Aisling Doonan’s drive to succeed with Cavan

In her new role as office administrator with the Ladies Gaelic Football Association, Cavan star Aisling Doonan drives past Croke Park to and from work every day.

Aisling Doonan’s drive to succeed with Cavan

A look through the window at work brings the famous stadium into focus and Doonan has bittersweet memories of playing there.

In 2011, she was captain of the Cavan team that lost the TG4 All-Ireland IFC final to Westmeath but two years later, the Breffni girls beat Tipperary to gain senior status.

Ever since, Cavan have been making steady progress and with one round of fixtures remaining in Division 2 of the Lidl National League, they’ve already secured a top four finish, along with pacesetters and Sunday’s opponents Donegal, Clare, and Westmeath. Cavan have slipped up just once this season, against Clare, and the semi-final pairings could pit the two counties against each other again.

It could also be Donegal in a semi-final, as Doonan notes, which is a scenario she hopes to avoid as it would mean two successive meetings with Cavan’s Ulster rivals.

Doonan, 29, reflected: “We’ve been doing very well so far, making great progress again and we’re back to where we want to be, in the semi-final stages. We dropped points against Clare which was disappointing, they were the better side on the day.

“We need to be beating Donegal. We don’t want to be playing them twice in a row.

“We’re at a better level than this time last year, new girls have come into the panel to mix with the girls there for the last number of years.”

Armagh finished as Division 2 champions last year, to gain the promotion slot available, and they scored a 2-20 to 1-8 semi-final victory over Cavan. But Doonan points to the examples of Armagh, and Ulster champions Donegal, to highlight what can be achieved with good players, organisation and belief.

The prolific forward insisted: “That is the goal, long term we need be playing Division 1 football to be competing for the All-Ireland. Initially, it was about getting up to that (senior) stage. We had great development and minor squads coming through and when we won in 2013, a lot of that underage talent began to come into the senior fold.”

And with a number of Cavan players featuring for their various colleges in the O’Connor, Lynch, and Giles Cup competitions, that momentum is carried forward from March into the summer. Doonan, a two-time O’Connor Cup winner from her UCD days, added: “There have been huge strides — the most important thing is we are moving forward, not just happy with where we are. The main goal is to play Division 1 football and that’s another stepping stone. We’re not happy anymore with a win or two in the championship — we want to get through to the latter stages. Looking at Donegal winning Ulster last year and Armagh making huge strides in a short space of time shows it can be done.”

And Doonan’s new job means that she’s at the coalface of Ladies Gaelic Football even when she’s not training for and playing in matches.

She explained: “When you’re passionate about ladies Gaelic football, you want to be involved in it. I’m only here a few weeks but I love it. When you’re passionate about something, it’s great to make it your working career as well.”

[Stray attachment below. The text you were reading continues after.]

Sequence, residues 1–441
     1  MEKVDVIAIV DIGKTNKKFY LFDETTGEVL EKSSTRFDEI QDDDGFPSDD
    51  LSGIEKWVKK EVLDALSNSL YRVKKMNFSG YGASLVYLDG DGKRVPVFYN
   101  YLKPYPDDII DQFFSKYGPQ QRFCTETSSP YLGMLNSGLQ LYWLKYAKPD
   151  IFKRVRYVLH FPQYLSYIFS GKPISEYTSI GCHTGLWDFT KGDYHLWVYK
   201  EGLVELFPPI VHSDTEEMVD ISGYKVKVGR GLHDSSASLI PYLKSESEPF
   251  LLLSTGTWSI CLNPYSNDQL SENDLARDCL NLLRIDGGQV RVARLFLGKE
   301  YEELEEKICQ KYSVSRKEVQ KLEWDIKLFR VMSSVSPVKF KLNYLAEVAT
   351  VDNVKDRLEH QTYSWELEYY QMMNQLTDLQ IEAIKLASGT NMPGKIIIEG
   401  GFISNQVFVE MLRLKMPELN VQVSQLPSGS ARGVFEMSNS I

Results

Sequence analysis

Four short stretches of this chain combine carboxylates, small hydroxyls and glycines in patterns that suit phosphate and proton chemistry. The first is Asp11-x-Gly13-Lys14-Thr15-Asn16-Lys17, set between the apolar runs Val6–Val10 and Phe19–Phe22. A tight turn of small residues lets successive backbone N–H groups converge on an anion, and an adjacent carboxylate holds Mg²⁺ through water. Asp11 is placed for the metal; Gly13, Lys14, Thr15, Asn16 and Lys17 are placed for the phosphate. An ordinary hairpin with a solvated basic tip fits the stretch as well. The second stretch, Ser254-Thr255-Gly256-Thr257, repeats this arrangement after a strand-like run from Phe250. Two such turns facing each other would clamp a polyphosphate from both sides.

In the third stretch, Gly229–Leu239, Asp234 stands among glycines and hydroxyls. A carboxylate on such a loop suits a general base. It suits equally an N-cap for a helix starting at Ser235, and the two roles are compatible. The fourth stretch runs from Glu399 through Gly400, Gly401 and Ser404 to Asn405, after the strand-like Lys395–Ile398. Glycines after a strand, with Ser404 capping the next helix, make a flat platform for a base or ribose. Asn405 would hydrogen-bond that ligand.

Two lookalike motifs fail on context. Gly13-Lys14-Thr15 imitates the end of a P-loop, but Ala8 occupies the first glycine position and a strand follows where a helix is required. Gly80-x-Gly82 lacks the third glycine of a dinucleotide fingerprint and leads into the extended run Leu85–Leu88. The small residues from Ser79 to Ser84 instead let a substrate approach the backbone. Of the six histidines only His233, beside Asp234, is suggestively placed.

And at grassroots level in Cavan, Doonan sees plenty of reasons to be optimistic about the years ahead. Last June, Cavan beat Cork to win the All-Ireland U14 A crown, the first time an underage team from the county tasted glory in the A grade.

“We can see the conveyor belt coming through. We’re cleaning up in Ulster at underage and there are more players coming through to join the older players like myself, Roisin O’Keeffe, and Rosie Crowe.

“We didn’t win anything at underage but now these girls are used to winning, they come in and there’s no fear in them.

“It pushes you on to the next level and if you’re not putting the effort in or meeting the required standards, you’re not going to be picked on Sunday.”

Q&A: Aisling Doonan, Cavan

Q: Do you remember the day you decided this was the sport for you?

A: As a child, I did try individual sports. They were fine but when something clashed, I always picked ladies football. That was down to the camaraderie, the team environment, the social outlet. My parents were heavily involved in GAA and I followed that.

Q: Injury, illness aside, what’s the one thing you’d miss training for?

A: Not too many. I’m getting married at the end of the year and I haven’t missed any training. There mightn’t be any wedding if that continues!

Q: Your sporting hero when you were 10?

A: Peter Canavan. I wanted to be him. He was small but could do everything. He was very skilful and I tried to mimic him.

Q: The favourite moment of your career so far?

A: I know we didn’t win the All-Ireland in 2011, but captaining the team was special. 2013 was more about the relief that we got over the line.

Q: Biggest frustration? with your sporting career or your sport?

A: You could be trying your best, preparing brilliantly, have a good team and be playing well but if you don’t have 15 people moving in the same direction... One broken link can damage the chain.

Q: One rule change you’d make to your sport?

A: I’d give more reward for kicking frees off the ground.

Q: Ultimate career goal?

A: To be competitive at senior level, not just competing in championship football, but winning.

Q: Five tracks for dressing-room or training run?

A: The Killers Mr Brightside; The Script feat Will.I.Am Hall of Fame; Beyoncé Run the World; Coldplay Adventure of a Lifetime; Hermitage Green Jenny.

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